A professional dental cleaning is also a must because it’s the only way to effectively remove tartar (hardened plaque). Even if you brush and floss regularly, that’s not enough. Besides looking unsightly (tartar is a “stain magnet” and often has a brown or yellowish tint), tartar also contains cavity-causing bacteria. Preventing the need for a mouthful of fillings every year easily adds up to thousands saved in the long run.

Perhaps one of the most important reasons to invest in regular dental exams and cleanings is that it has a positive impact on your overall health. Recent studies have shown that there’s a link between periodontal disease and heart disease; when the former is present, the latter is twice as likely.

According to the American Academy of Periodontology, gum disease can have a domino effect on your health. The bacteria caused by periodontal disease can enter your bloodstream and attach to your heart’s blood vessels, causing dangerous blood clots. Another scenario is that the plaque buildup caused by periodontal disease can cause the heart’s blood vessels to swell.

In this way, regular checkups and cleanings are not only money-saving but life-saving. And that’s priceless.

Extra Cavity Protection for Kids

You might think that cavities are inevitable for kids, but in truth, they’re not. A healthy diet mixed with good oral hygiene (brushing and flossing) plus regular dental visits can prevent tooth decay. Dental sealants can reduce the risk even more. In fact, studies show that dental sealants can reduce decay in school children by 70%.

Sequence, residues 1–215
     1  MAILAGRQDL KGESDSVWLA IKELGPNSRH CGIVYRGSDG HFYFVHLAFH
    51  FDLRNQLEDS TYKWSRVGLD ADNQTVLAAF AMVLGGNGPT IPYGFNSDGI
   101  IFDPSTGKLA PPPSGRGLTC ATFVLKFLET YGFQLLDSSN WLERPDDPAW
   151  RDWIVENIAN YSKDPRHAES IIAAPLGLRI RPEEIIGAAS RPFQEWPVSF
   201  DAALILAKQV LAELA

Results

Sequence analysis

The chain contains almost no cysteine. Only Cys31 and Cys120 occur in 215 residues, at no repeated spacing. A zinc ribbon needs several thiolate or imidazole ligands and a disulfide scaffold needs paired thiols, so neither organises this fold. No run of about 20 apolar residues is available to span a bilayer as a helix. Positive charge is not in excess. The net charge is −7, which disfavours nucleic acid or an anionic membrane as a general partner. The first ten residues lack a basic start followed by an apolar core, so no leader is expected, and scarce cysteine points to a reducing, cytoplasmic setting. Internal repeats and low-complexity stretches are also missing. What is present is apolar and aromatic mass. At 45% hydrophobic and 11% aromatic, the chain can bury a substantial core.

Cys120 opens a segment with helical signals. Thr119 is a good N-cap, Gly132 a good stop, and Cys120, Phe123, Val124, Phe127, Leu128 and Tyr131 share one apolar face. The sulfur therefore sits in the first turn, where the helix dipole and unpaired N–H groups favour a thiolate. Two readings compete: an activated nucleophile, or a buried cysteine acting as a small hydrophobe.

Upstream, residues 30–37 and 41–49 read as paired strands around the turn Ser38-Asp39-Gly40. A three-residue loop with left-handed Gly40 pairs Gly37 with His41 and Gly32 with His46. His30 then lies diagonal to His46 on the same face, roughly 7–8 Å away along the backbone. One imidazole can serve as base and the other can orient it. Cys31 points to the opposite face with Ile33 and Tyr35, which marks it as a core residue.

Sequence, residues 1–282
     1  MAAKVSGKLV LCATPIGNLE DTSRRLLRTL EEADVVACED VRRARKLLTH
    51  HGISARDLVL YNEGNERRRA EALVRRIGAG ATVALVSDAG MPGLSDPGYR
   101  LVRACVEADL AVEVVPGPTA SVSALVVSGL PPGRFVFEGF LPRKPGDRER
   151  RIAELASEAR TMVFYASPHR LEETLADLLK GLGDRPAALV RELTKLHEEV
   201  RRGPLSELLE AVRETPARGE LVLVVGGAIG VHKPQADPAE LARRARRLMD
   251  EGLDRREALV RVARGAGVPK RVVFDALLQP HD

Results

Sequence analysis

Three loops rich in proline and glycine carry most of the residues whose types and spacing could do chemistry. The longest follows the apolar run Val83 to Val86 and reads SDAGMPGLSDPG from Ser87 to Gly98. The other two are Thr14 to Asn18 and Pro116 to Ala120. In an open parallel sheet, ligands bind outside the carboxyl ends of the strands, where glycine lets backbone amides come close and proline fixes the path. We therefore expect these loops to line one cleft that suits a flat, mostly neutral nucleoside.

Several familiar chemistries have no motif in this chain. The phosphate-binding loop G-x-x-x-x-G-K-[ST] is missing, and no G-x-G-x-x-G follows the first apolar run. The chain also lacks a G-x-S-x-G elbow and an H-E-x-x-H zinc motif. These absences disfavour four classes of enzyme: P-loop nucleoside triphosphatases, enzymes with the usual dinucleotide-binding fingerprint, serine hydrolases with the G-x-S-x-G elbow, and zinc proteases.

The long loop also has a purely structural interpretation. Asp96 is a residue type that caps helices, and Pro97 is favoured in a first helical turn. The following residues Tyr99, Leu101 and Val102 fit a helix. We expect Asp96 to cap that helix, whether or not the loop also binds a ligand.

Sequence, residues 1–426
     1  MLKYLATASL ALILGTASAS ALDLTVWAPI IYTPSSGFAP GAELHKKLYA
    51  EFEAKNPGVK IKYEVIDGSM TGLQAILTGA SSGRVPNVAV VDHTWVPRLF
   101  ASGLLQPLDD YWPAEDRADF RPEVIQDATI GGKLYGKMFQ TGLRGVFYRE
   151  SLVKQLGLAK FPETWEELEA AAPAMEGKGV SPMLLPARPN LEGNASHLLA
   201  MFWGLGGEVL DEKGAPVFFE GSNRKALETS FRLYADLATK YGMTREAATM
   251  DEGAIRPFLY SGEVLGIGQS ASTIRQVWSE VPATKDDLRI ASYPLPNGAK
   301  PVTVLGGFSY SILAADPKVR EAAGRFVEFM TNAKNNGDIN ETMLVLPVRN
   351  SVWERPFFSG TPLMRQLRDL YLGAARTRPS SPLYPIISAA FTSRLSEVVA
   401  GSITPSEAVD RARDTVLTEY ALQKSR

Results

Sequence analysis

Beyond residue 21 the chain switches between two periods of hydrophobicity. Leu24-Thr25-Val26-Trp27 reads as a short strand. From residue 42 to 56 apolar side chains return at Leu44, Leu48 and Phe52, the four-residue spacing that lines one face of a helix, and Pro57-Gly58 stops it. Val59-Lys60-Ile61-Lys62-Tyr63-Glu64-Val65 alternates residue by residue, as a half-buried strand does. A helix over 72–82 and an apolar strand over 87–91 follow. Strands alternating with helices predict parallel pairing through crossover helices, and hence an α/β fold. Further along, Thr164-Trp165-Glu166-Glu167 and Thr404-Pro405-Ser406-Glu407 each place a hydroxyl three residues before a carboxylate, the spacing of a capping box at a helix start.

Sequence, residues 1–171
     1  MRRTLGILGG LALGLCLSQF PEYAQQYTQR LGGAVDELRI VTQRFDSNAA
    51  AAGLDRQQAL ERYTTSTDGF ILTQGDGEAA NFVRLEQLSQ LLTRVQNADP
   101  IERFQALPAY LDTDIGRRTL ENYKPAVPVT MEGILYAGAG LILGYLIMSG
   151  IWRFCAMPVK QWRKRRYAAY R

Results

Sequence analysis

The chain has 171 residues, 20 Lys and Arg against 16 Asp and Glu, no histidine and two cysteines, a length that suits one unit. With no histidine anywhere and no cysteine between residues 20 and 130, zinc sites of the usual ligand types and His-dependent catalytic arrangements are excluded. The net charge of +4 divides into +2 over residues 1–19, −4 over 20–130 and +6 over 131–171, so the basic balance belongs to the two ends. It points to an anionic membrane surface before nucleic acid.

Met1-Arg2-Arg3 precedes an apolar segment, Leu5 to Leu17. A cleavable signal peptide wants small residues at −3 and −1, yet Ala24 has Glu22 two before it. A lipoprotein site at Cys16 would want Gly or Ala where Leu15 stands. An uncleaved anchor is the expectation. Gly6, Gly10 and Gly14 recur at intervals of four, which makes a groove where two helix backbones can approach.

Dental sealants are thin plastic coatings that are applied to the grooves of back teeth, where tooth decay is usually a problem for kids and teens. Sealants act as a barrier between the chewing surfaces by blocking pieces of food and germs.

Sealants work best on permanent molars, which usually erupt at age 12. It’s best to have sealants applied soon after the permanent molars erupt so that decay doesn’t have a chance to develop.

Because they’re so thin, dental sealants won’t have an effect on your child’s speech or make chewing difficult. Sealants can be clear or slightly tinted; either way, they’re virtually invisible to the naked eye.

Though they don’t take much time to apply, sealants can last 5-10 years. Dental sealants are some of the most comfortable, cost- and tooth-saving solutions around!

Smile Safety for Active Kids

Active kids call for active safety. And while helmets, goggles and knee pads protect your kids’ bodies, it’s also important to protect their teeth. A mouthguard is an easy, reliable way to safeguard your child’s teeth during sports and play.